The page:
"There's a frantic, raw feeling to the earlier stuff whereas the footage I shot is a little more refined," Scafuro commented. "But still we wanted it to feel cohesive but also, because the time periods were different, it was okay to have it stylistically a little bit different."
"We talked about the boys having grown up and having more responsibility in their lives and sort of treating the footage the same way," Carbone added. The later footage is "a little more under control and composed and it feels a little bit more mature in a way, just like the subjects."
The younger Nick Reyes dreamed of earning a college football scholarship that might take him out of Trona. When the filmmakers caught up with him later he was working in the borax mine in Trona with his father, but apparently contented, and earning a good living.
Carpenter's family had swelled to four daughters, increasing pressure on him to make money on the dirt racing circuit. Carbone began filming Larry Young when he was a fun-loving, amiable kid of 13. Not long after he became ensnared, like so many other young men of color, in the unforgiving criminal justice system.
"Larry [has] obviously made mistakes and he admits that and nobody pretends that he's not responsible for himself ultimately but he has social roadblocks in his way that the other two guys just don't have to deal with," Carbone commented. "The stuff that he's guilty of -- the punishment that he received is likely not the punishment that the other two guys would have... His first time in prison was when he was 14. He got tried as an adult and Florida has minimum sentencing laws. So he sort of had the deck stacked against him from the beginning. Hopefully people can kind of understand him, the situation he's in and not see it as necessarily doom and gloom in his future. There are certainly other barriers in his way that the other two guys don't have to negotiate. And the fact that he's still able to see it for what it is and keep his eyes focused on the future is something that's really inspiring to me."
Whether it's the subject of mass incarceration or the disenfranchised in an America of increasing economic inequality, Phantom Cowboys cannot help but raise political issues, at least implicitly.
"I think in some ways it's impossible for any film to not be a political film," Carbone observed. "There's all sorts of imagery in the film that when we shot it had no meaning or had no significance politically but in hindsight now six or seven years later -- so much has happened in the last few years -- that suddenly a shot of a team of high school football players standing for the National Anthem has some added weight to it, which at the time was just an establishing shot for the game... I think inherently it's quite a political film because it's about real people in a part of the country that has been unfairly reduced to a certain political view or a certain sense of morals, which is obviously not the case when you get to have a conversation with anyone in these regions. It's definitely political and it's even more overtly political than I think we ever intended it to be. But hopefully it feels fair and isn't necessarily having an agenda."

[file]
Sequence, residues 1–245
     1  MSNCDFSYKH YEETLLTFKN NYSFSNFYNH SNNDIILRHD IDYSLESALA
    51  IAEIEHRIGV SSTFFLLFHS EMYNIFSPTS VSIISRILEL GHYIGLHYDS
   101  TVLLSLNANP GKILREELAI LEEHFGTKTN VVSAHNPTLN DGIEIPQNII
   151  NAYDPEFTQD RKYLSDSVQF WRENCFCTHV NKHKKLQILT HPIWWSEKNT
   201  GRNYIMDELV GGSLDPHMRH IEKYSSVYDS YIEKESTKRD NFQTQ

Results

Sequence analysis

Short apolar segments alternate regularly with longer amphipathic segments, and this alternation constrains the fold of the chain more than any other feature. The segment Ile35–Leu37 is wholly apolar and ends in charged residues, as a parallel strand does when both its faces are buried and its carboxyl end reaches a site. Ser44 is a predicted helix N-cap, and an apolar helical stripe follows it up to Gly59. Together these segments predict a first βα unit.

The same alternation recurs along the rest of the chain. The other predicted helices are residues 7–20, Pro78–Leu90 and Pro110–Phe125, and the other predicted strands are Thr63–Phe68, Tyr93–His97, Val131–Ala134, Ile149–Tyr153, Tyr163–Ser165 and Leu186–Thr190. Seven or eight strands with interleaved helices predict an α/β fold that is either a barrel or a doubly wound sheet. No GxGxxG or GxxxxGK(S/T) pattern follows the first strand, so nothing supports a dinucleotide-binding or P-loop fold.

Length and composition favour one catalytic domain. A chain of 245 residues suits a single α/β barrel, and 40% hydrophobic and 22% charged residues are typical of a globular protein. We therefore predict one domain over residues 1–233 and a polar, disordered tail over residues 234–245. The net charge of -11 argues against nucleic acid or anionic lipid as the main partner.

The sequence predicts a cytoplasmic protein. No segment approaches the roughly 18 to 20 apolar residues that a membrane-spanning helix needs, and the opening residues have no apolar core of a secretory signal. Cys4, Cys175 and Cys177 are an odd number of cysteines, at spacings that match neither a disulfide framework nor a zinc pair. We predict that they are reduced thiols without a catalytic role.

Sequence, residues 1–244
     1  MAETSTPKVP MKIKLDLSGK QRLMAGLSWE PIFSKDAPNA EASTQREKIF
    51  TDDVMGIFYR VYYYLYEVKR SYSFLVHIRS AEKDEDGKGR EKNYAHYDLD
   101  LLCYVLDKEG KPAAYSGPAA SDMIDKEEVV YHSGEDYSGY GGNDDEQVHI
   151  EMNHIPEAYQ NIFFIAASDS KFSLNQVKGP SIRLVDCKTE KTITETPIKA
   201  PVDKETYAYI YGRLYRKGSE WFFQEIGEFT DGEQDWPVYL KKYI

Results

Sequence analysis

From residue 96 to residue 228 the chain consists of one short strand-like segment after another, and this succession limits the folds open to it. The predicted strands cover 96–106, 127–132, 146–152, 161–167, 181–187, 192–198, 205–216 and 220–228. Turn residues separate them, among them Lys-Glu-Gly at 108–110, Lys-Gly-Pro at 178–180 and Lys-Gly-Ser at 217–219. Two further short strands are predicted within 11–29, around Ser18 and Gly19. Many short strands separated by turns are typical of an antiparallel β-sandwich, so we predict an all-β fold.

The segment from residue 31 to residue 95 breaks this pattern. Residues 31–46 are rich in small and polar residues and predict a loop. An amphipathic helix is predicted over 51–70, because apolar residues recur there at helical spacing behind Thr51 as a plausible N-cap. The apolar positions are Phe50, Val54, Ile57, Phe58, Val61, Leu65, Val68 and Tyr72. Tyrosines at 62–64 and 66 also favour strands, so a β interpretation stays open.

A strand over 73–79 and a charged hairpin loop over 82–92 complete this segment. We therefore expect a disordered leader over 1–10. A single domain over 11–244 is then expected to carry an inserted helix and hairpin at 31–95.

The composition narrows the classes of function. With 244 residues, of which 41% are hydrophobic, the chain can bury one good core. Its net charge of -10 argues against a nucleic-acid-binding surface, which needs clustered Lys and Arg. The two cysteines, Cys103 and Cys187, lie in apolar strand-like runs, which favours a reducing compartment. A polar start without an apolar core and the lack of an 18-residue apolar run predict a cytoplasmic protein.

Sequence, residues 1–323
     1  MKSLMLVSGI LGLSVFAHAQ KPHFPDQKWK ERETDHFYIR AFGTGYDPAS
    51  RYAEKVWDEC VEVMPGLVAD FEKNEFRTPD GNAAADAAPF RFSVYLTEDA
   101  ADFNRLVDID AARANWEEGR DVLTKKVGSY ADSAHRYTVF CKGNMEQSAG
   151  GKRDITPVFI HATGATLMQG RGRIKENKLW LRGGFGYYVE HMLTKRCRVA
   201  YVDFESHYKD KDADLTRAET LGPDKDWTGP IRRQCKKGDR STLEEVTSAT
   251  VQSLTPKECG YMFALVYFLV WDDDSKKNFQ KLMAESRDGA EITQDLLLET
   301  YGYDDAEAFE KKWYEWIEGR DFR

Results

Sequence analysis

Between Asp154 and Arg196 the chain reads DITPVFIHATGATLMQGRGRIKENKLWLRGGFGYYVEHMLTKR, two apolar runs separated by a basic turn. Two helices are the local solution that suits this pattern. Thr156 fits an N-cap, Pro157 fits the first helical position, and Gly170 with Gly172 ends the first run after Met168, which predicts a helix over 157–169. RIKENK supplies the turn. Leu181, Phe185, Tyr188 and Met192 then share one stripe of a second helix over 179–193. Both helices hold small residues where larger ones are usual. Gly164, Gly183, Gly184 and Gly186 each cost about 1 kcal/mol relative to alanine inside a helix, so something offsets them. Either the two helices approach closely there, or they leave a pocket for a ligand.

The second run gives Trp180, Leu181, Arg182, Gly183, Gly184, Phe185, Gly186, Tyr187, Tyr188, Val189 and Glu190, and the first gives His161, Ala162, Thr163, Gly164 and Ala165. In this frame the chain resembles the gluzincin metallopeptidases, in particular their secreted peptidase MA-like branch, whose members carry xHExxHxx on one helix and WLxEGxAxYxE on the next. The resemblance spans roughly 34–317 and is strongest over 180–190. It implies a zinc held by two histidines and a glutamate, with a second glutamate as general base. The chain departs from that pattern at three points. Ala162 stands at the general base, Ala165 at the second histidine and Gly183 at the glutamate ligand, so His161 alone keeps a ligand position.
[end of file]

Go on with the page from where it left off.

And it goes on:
"I think especially with Larry we didn't realize what his path was going to be and what his trajectory was going to be," Scafuro told Nonfictionfilm.com. "He's just one boy in a place where fathers and husbands and brothers are incarcerated in a huge percentage. I think it's unavoidable to recognize the systemic and institutional racism that exists in the country. That wasn't our intent at all but it we couldn't avoid it in making the film."
A possible theatrical release for the film is now being negotiated. Following the world premiere at Tribeca, next up for Phantom Cowboys is a trip overseas to the Sheffield Documentary Festival in England. It's set to screen there on June 10 and June 12.
Sheffield programmers say of the film, "Moving back and forth over eight years, this is a moving, skilful exploration of adolescence."
As for Carbone, he describes Phantom Cowboys this way: "I think it's a pretty hopeful film. It's a realistic film. It's not hopeful in the sense that it's providing any kind of false vision of the future for these guys but it's hopeful in the sense that all of these guys are young and have a lot of opportunity ahead of them. This movie is not meant to define the rest of their life but just sort the period we happened to be there to experience."
Matthew Carey is a documentary filmmaker and journalist. His work has appeared on Deadline.com, CNN, CNN.com, TheWrap.com, NBCNews.com and in Documentary magazine.